Will I Have Permanent Hearing Loss After I Get an Ear Infection?
What is generally referred to as an ear infection, is medically called otitis media or AOM. These ear infections can impact children as well as adults, especially after a sinus infection or a cold. You can even get an ear infection if you have a bad tooth.
Hearing loss is one of the primary signs and symptoms of an infection in the middle ear. But is it going to last forever? To come up with a precise answer can be fairly complex. Ear infections have a lot taking place. To understand the potential risks, you should learn more about the damage these infections can cause and how they affect hearing.
Exactly what is Otitis Media?
Otitus media is an infection of the middle ear to put it simply. It could be any type of microorganism causing the infection but bacteria is the most common.
Ear infections are identified by where they develop in the ear. The outer ear, which is called the pinna, is the part of the ear where swimmer’s ear develops, which is called otitus externa. The term labyrinthitis is the term for an infection of the cochlea or inner ear.
The space in front of the cochlea but behind the eardrum is known as the middle ear. The three little bones in this area, known as ossicles, are responsible for vibrating the membranes of the inner ear. An infection in this area tends to be very painful because it puts pressure on the eardrum, often until it breaks. That pressure is also the reason why you can’t hear very well. The infectious material accumulates and blocks the ear canal enough to obstruct the movement of sound waves.
The signs or symptoms of a middle ear infection in an adult include:
- Ear drainage
- Pain in the ear
- Diminished ability to hear
For most people, hearing comes back in time. Hearing will come back after the pressure starts to go away enabling the ear canal to open up. The infection gets resolved and your hearing comes back. There are exceptions, however.
Chronic Ear Infections
At least once in their life, most people experience an ear infection. For others, the problem becomes chronic, so they have infections again and again. Chronic ear infections can cause problems that mean a more significant and possibly permanent loss of hearing, especially if the problem is left untreated.
Conductive Hearing Loss Caused by Ear Infections
Ear infections can lead to conductive hearing loss. Put simply, sound waves can’t make it to the inner ear at the proper strength. The ear has mechanisms along the canal that amplify the sound wave so that when it reaches the tiny hair cells of the inner ear, it is intense enough to trigger a vibration. When you have conductive hearing loss, something changes along that route and the sound isn’t amplified as much.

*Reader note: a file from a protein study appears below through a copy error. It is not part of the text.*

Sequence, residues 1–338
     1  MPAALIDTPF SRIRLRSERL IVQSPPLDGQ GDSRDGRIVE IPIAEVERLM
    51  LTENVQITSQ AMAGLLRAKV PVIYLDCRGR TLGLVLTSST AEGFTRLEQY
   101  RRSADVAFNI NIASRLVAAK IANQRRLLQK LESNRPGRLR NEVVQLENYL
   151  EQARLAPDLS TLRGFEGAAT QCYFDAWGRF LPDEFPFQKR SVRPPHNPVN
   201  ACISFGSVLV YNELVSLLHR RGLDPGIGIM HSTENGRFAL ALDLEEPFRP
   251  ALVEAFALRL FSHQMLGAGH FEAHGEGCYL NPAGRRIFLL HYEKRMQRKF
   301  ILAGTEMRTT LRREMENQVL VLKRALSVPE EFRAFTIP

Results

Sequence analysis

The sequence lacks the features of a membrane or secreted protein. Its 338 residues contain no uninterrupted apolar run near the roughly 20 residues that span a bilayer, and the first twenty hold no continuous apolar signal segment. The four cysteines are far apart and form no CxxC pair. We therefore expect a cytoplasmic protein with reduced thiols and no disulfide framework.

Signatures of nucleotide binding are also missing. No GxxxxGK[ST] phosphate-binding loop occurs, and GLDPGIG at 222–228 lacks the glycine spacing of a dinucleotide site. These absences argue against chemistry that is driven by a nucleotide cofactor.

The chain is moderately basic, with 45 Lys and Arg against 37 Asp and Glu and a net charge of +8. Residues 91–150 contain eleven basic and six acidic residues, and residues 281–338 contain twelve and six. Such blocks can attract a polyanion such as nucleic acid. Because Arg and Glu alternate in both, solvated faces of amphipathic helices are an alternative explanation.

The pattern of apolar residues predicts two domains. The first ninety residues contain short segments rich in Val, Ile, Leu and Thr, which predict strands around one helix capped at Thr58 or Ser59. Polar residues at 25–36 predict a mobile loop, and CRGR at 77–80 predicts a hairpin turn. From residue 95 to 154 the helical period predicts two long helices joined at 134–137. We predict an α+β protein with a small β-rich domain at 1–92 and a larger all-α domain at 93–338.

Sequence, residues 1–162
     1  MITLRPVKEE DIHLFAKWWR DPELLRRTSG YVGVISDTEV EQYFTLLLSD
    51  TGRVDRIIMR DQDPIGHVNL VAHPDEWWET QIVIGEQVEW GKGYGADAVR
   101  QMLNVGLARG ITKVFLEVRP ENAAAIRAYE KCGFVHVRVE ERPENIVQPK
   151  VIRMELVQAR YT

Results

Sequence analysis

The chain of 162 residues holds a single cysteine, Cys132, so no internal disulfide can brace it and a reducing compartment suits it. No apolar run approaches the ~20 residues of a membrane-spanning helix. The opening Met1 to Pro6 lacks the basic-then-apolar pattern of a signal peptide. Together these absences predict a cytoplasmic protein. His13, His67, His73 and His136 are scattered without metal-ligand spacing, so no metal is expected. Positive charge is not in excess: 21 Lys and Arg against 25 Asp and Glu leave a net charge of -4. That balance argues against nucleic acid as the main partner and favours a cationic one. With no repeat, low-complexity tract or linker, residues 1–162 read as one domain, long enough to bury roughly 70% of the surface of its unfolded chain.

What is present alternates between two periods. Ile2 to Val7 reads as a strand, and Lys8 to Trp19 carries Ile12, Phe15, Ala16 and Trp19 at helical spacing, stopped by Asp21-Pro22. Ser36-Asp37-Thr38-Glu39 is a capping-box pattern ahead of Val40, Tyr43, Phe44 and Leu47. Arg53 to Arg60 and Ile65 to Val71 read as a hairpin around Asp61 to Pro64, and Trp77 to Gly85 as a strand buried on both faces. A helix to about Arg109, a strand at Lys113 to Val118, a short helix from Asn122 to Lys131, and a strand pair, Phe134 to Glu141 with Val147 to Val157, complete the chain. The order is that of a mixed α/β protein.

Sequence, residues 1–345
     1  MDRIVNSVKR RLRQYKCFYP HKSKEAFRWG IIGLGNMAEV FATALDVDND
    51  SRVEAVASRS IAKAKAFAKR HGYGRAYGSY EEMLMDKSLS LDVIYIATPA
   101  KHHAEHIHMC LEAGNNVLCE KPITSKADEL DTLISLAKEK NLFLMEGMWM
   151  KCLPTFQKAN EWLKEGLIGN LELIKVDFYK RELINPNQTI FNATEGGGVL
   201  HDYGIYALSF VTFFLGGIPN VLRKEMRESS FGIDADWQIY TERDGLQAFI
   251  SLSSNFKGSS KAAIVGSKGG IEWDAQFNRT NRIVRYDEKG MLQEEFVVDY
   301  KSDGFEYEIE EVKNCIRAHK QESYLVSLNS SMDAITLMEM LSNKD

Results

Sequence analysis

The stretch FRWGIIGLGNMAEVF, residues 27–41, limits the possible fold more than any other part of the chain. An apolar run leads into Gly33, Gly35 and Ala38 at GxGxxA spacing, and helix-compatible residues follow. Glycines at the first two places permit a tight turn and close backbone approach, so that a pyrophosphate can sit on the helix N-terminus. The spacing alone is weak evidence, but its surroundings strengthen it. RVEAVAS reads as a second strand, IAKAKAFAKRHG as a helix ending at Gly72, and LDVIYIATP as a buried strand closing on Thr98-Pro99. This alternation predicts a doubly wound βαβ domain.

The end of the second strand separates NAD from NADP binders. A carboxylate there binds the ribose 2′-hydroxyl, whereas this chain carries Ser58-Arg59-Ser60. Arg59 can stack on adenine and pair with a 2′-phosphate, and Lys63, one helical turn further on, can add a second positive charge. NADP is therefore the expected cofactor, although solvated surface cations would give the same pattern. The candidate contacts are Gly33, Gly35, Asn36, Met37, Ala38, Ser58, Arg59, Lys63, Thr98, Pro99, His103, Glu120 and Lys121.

When you get an ear infection, bacteria are not just laying inside your ear doing nothing. They must eat to live and multiply, so they break down those components that amplify sound waves. The eardrum and the tiny little bones are what is usually affected. The bones are very delicate and it doesn’t take much to destroy them. If you suffer a loss of these bones they don’t grow back. You don’t just get your hearing back once this damage occurs. Surgically installing prosthetic bones is one possible way that a doctor may be able to correct this. The eardrum might have scar tissue after it repairs itself, which will impact its ability to move. Surgery can deal with that, as well.
Can This Permanent Hearing Loss be Prevented?
It’s essential to consult a doctor when you think you might have an ear infection. The sooner you get treatment, the better. If you have chronic ear infections, you shouldn’t ignore them. More damage will be caused by more severe infections. Finally, take the appropriate steps to avoid colds, allergies, and sinus infections because that is where ear infections normally start. If you smoke, now is the time to stop, too, because smoking multiplies your risk of having chronic respiratory troubles.
If you are still having trouble hearing after having an ear infection, consult a doctor. There are other things which can cause conductive hearing loss, but it may be possible that you may have some damage. If you find out that it’s permanent, hearing aids will help you hear again. You should schedule an appointment with a hearing specialist to get more information on hearing aids.